Today I’m bringing you something a little different. My children are currently only 6 & 8, but it won’t be long before they hit the dreaded Tween stage. With so much of the world around us using social media and technology, it’s hard not to feel the pressure to be popular. Personally, I wouldn’t survive high school today; it was bad enough back then being belittled and feeling awkward. Alas, today it’s a different society we live in. One of the (many) positives to homeschooling is that we can somewhat delay the whole popularity circus and I can help my children to learn self-confidence and self-acceptance, and not to be ruled by what they think others think of them.
Being a blogger, I can still relate to the feelings of insecurity and seeing the ‘big’ bloggers with hundreds of thousands of followers and their posts popping up in my feeds. But instead of being jealous and becoming depressed over it, I am okay with my smaller following because I can get to know my online friends. My children see me doing this and I hope that it sets a good example for them.
I want my children to know who they are and to be able to stand up for themselves as well as others. I want them to find true friends who genuinely care about them; not ones who will lead them down a dark path.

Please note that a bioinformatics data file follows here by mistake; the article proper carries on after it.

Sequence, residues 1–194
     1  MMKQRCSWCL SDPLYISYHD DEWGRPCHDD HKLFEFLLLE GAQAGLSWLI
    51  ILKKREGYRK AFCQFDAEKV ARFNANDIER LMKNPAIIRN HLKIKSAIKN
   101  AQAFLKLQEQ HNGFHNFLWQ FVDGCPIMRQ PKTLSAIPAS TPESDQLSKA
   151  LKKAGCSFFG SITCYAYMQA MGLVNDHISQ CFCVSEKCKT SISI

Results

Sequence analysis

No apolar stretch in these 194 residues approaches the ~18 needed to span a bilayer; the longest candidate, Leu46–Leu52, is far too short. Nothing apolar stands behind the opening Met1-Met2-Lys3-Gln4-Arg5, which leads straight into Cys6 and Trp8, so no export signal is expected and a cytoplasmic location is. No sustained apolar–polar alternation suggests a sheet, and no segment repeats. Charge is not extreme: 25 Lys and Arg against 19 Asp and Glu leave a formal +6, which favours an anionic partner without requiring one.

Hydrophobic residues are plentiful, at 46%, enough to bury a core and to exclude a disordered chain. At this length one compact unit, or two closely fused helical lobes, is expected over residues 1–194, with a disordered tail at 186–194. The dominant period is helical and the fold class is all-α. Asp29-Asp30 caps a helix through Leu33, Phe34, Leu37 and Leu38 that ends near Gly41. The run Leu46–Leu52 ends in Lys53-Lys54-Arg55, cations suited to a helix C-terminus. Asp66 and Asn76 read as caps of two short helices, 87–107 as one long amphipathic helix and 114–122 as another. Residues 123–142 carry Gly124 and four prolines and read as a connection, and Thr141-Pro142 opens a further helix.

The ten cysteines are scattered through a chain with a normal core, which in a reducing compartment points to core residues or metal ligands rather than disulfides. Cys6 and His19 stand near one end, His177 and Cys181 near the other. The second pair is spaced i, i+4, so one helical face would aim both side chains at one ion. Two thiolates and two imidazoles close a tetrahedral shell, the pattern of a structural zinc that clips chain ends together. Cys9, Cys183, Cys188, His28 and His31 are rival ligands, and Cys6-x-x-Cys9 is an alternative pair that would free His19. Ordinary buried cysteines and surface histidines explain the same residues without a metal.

Life isn’t all about how many ‘likes’ you have or how many people you are friends with on Facebook (how many of them REALLY know you and care about you anyways). Life is about being happy, or at least content with who you are now, and working on self-improvement, not social acceptance.
Recently, an interesting book was shared with me, called, “Love Yourself(ie), Life Lessons For Building Kid Charisma” (this and following links may be affiliates) by Andrea A. Lewis. This is a short, three-chapter e-publication aimed at tweens and pre-tweens.
The story line is that Harper is judging herself worth by the number of likes she gets from her classmates on social media. The day before class photos everyone is posting pics of themselves, and hers barely gets a like and her mood plummets.
Fortunately, Harper has a big sister to turn to who shares a little wisdom with her; that the most important thing is not what others think of her, but what she thinks of herself. The final photo Harper posts on social media is not what is expected; and neither is the response to it.
Andrea A. Lewis hopes that this book will be helpful to the pre-teen set and give them something to think about. Dr. Julie Carbray, Clinical Professor of Psychiatry and Nursing also has some Tips to Prevent Social Media from Deflating Preteen Self-Worth
Be sure to come back next week when I’ll be sharing an interview I did with Dr Julie Carbray who answered some questions I had as a concerned parent. I hope that you will find it useful.
What advice would you/do you give to your children about fitting in and wanting to feel popular?
If you’d like to purchase your own copy of Love Your Self(ie), you can do so by clicking on this link: